Maintaining a loco - not as easy as it looks!

Adults and children alike seem to be mesmerized by old trains. Steam engines seem to capture everyone’s fascination. Although the steam engines are lacking in modern technology, the care and maintenance of these iron work horses is far from simple. The maintenance for the train is not just periodic upkeep as cars are today. The engines require a daily maintenance routine. In addition to daily maintenance and inspections the engine must also be serviced monthly, quarterly, yearly, every five years, and after every one thousand seventy-two days of service.

The train operator and other qualified personnel are responsible for checking the operating ability and safety of the steam engine each day before operation. All grease fittings must be greased and all moving parts must be lubricated. Careful attention is given to the gauges and valves regulating the pressure. Items such as the boiler feedwater delivery system, the draw gear, chafing irons, piston rods and fasteners, the running gear, and valve motion rods are inspected and checked for adequate operation. The engine is checked for leaks. The brakes, signal equipment, and lighting are checked to ensure that they are fully operational. If any item on the checklist does not pass, the item must be replaced or repaired before the engine is permitted to be used.

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A thirty-one day service inspection will require the washing of the boiler. All arch tubes, water bar tubes, circulators, and siphons on the steam engine must be inspected, cleaned, and washed. All of the washout and water tube plugs must be removed and inspected during this monthly maintenance. The staybolts must also be tested. If any problems or defects are found, the engine must be repaired before further use is allowed.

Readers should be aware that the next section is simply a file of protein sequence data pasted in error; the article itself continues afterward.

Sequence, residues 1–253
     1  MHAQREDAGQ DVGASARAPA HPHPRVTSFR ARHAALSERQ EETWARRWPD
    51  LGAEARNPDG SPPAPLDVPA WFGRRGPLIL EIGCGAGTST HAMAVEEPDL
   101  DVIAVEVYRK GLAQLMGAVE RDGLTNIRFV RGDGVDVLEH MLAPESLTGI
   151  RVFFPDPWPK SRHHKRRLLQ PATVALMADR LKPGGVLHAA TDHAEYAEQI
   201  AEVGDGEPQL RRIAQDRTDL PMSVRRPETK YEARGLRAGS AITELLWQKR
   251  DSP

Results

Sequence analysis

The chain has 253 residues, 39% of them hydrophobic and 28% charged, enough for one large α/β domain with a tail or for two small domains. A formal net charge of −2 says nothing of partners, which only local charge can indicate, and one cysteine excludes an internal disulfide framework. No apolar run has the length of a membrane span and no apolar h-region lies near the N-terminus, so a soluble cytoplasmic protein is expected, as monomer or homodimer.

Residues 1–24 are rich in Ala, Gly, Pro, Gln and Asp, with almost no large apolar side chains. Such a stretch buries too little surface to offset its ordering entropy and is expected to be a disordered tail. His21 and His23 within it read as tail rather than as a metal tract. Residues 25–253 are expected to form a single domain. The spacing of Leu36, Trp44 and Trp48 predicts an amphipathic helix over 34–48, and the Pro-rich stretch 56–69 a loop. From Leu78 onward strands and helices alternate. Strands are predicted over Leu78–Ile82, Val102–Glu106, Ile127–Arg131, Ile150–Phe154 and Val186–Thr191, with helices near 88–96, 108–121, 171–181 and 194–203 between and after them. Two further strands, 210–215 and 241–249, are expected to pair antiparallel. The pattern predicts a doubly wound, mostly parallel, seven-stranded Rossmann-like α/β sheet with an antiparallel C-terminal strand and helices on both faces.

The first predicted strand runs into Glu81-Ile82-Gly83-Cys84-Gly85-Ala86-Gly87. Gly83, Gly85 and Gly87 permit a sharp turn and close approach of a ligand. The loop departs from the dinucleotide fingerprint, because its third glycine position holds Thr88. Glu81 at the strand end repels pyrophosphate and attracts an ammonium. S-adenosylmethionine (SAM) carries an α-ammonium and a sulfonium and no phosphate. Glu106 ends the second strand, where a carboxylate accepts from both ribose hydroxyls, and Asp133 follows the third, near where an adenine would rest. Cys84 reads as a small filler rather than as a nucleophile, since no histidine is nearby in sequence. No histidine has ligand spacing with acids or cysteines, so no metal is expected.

The quarterly inspection and maintenance requires the removal and testing of all of the air and steam gauges of the engine. The safety relief valves are tested and adjusted. The steam gauge siphoning pipe must be cleaned, and the tubular water glasses are replaced. The main reservoir and brake cylinder are checked for leaks. Finally, the tender tank interior must be entered and inspected. If any part is found to be weak, leaking, or in poor working condition, then the engine will require repairs to correct the problems.

Once a year, the boiler of the steam engine must have the longitude lap joint seams checked. The interior must be inspected for defects or weak points, and it must undergo a hydrostatic test. The thickness of the arch, water bar tubes, and the dry pipes must be tested. All of the staybolts are checked and tested, and the smoke box must be inspected. The draw bars and pins will be removed and inspected for signs of wear.

The Crossley Veterans steam engine society meet at Crosswood Sidings, Alta, Utah every Monday at 7.00pm; contact secretary David Dawes on 420-418-7998

Every five years, the flexible staybolt caps and sleeves are inspected in addition to the yearly test. Worn parts will be replaced or repaired.

At one thousand seventy-two days of service of the steam engine, the boiler flues will be removed, and the interior of the boiler will be cleaned and have a hydrostatic test performed on it. The interior and exterior of the boiler must undergo a thorough inspection. The jacket and lagging are removed and inspected. This maintenance and testing helps to ensure the safety of the boiler of the steam engine.

People of all ages admire the magnificent steam engines of days gone by. Although lacking in modern technology, the steam engine is a complicated machine that requires careful inspection and maintenance to keep it in adequate repair and safe for use. By completing the needed maintenance, steam engines will be in good repair and fascinating people for years to come.

 

Copyright Dave Dawes 2009